Wednesday, 4 December 2013

Multiple myeloma- Diseases associated to Multiple myeloma

Multiple myeloma, also known as plasma cell myeloma or Kahler’s disease, is a type of abnormal growth of plasma cells collected in the bone marrow where they grow and multiple to interfere with the production of normal blood cells. Paraprotein, an abnormal antibody produced by the plasma cell myeloma not only can cause kidney problem but also interference with the Roche automated total bilirubin assay by precipitate formation of that can lead to clinical confusion, according to the study by the Harvard Medical School, Boston(1). Other study indicated that the production of paraproteins caused spurious results on individual analytes including total bilirubin (TBIL), direct bilirubin (DBIL), or HDL-cholesterol (HDL-C)(b). There is also a report of a 50 years old
chloride resistant metabolic alkalosis in a patient with hypercalcemia related to Multiple Myeloma (MM)(c).
B. Diseases associated to Multiple myeloma
1. Bone diseases
Multiple myeloma is a plasma cell malignancy characterized by the frequent development of osteolytic bone lesions. According to the study by the University of Pittsburgh, and Division of Hematology/Oncology, Veterans Administration Pittsburgh Healthcare System, Research and Development, the multiple myeloma-induced bone destruction is a result of the increased activity of osteoclasts that occurs adjacent to multiple myeloma cells. This activity is accompanied by suppressed osteoblast differentiation and activity, resulting in severely impaired bone formation and development of devastating osteolytic lesions(22).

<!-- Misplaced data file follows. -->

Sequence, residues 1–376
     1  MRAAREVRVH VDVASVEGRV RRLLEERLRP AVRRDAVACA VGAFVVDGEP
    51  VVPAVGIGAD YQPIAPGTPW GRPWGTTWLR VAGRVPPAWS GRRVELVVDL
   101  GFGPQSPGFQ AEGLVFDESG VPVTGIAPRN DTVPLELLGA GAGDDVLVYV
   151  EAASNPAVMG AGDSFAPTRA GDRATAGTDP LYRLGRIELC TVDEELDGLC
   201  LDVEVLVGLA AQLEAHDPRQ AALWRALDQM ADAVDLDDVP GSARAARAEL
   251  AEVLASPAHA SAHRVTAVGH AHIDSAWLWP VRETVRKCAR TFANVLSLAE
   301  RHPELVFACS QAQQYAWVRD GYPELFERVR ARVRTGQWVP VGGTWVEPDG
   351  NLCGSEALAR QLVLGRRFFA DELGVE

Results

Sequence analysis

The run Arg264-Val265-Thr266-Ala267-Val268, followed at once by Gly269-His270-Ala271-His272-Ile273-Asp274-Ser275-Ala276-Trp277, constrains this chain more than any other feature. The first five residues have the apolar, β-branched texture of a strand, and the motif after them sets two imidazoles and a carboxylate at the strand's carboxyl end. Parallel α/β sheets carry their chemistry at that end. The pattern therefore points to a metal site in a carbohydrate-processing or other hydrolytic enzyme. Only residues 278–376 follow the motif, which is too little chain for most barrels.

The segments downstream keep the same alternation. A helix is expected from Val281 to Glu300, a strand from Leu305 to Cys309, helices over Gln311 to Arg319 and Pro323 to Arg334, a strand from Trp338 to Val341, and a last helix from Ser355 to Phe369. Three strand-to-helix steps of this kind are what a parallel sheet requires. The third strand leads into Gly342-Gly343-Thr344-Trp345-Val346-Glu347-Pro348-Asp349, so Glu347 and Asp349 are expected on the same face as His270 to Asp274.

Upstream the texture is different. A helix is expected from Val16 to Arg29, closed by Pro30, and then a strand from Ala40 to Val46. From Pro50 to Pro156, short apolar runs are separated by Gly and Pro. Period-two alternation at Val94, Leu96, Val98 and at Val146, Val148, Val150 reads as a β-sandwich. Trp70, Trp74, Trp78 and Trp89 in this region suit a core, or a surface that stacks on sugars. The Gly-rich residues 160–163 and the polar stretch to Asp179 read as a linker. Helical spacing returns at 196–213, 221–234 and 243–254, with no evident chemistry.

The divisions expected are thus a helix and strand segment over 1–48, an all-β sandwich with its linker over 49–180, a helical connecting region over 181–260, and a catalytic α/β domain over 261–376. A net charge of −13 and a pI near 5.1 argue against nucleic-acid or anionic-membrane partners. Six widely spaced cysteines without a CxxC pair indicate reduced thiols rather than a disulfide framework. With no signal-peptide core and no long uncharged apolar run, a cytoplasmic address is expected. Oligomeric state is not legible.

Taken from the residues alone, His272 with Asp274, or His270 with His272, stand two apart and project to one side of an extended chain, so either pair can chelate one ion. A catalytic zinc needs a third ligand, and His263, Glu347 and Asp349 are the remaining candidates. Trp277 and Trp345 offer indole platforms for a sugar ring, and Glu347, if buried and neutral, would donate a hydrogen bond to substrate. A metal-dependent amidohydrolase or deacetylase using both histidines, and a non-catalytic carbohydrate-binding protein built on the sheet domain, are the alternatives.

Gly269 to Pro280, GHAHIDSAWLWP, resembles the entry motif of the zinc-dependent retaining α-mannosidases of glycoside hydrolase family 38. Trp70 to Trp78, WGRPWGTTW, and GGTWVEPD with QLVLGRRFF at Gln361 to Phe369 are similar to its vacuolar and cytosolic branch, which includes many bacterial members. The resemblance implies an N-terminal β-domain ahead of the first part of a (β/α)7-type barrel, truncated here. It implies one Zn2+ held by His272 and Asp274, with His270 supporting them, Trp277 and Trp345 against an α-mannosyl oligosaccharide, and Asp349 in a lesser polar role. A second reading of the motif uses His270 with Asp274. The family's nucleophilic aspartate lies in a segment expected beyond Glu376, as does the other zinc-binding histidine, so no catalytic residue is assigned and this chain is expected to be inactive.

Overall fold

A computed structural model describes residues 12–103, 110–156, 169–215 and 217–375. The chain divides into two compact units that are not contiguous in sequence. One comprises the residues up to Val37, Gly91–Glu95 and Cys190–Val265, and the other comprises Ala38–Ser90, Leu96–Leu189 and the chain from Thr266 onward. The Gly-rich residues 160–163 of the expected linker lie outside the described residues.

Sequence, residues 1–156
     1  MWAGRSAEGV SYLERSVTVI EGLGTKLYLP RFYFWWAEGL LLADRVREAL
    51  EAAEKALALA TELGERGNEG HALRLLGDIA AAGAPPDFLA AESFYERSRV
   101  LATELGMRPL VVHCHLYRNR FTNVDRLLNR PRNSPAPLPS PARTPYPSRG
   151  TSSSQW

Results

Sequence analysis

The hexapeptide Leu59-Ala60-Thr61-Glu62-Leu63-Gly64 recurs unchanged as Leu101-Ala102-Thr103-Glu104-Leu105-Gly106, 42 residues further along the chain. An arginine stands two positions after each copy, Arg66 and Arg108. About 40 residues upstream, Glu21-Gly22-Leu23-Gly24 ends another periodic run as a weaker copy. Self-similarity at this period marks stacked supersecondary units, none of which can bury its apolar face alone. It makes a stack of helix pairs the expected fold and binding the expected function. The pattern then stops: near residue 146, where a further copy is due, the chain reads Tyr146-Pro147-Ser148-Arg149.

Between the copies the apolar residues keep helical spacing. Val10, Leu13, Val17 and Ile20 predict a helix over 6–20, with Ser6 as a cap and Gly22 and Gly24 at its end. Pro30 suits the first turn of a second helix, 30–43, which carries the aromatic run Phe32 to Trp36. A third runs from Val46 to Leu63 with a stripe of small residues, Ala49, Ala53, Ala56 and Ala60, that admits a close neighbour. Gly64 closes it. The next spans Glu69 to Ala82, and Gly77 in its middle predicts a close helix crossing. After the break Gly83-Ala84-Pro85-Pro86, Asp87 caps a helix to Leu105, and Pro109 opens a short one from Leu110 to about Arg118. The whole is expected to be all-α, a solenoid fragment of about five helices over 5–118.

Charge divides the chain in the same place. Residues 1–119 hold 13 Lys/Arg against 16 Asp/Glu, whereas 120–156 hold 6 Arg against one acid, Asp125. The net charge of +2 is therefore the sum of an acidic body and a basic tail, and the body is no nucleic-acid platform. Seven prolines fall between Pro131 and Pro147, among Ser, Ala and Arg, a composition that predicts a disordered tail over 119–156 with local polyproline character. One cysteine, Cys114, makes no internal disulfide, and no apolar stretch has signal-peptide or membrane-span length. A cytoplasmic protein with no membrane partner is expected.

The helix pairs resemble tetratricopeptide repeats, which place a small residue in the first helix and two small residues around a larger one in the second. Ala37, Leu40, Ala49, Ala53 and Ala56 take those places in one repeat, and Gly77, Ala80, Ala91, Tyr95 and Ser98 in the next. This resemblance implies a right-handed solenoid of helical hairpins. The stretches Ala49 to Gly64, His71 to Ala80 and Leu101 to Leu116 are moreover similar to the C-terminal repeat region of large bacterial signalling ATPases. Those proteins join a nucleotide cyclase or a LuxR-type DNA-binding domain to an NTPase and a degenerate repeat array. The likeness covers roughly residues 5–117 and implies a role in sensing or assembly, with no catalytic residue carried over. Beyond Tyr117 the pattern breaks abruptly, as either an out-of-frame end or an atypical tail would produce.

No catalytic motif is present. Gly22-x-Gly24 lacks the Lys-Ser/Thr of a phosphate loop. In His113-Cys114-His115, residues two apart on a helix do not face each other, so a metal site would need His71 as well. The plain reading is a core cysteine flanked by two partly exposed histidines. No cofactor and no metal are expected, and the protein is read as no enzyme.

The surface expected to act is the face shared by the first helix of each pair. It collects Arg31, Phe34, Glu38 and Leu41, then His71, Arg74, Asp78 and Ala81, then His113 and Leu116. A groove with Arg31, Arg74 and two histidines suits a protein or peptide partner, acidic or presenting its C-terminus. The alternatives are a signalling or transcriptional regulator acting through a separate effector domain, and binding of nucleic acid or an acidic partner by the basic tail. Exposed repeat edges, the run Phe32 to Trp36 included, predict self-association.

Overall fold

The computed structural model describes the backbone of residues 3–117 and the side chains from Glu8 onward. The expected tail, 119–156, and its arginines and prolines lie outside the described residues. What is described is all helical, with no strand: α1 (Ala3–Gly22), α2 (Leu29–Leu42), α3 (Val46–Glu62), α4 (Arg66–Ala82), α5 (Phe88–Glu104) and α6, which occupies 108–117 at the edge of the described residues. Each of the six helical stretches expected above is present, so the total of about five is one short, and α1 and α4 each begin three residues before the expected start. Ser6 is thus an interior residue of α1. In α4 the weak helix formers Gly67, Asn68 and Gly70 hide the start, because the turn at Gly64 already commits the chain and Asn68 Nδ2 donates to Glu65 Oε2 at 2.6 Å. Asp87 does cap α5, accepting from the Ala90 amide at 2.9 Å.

2. Bilateral ovarian involvement
Extramedullary spread of multiple myeloma is extremely rare. There is a report of a case of bilateral ovarian involvement in plasma cell myeloma of a 48-year-old Persian woman who experienced constitutional symptoms, bone pain and flashing for one year. Her condition showed multiple myeloma with lytic lesions of the skull, plasma cell infiltration in bone marrow and positive light chain lambda type in serum(23).
3. Gaucher’s disease
There is a report of a case of the evolution of a monoclonal gammopathy of undetermined significance to multiple myeloma in a patient with Gaucher’s disease of a 64-year-old woman who, 12 years after receiving a diagnosis of Gaucher’s disease with concurrent monoclonal gammopathy of undetermined significance, developed worsening thrombocytopenia and bone pain(24).
4. Acetabular osteolysis
There is a report of a case of 71 year old man was operated in December 2005 with a total uncemented hip arthroplasty. Immediate evolution was favourable but at 4 months postoperatively he came with the complaints of left back pain irradiating in the left thigh. X-rays revealed the presence of a lytic lesion around the acetabulum with secondary dispalcement of the acetabular cup. Further investigations ruled out infection and confirmed the presence of multiple myelom(25).
5. Paget Disease (PD)
Although the Coexistence of Paget Disease (PD) and symptomatic Multiple Myeloma (MM) has rarely been described, there is a report of a 73 years old man with a diagnosis of Paget Disease (PD) and symptomatic Multiple Myeloma (MM). PD mimics many of the features of bone destructive process in MM, making differential diagnosis more complicated. In addition, the presence of serious muscolo-skeletal and metabolic complications in both diseases makes management of patients difficult, worsening the prognosis(26).
6. Multiple myeloma associated precursor diseases
Multiple myeloma and chronic lymphocytic leukaemia share common biological and clinical features including the presence of defined precursor conditions (monoclonal gammopathy of undetermined significance and monoclonal B-cell lymphocytosis respectively), according to the study by the National Institutes of Health, Bethesda(27).
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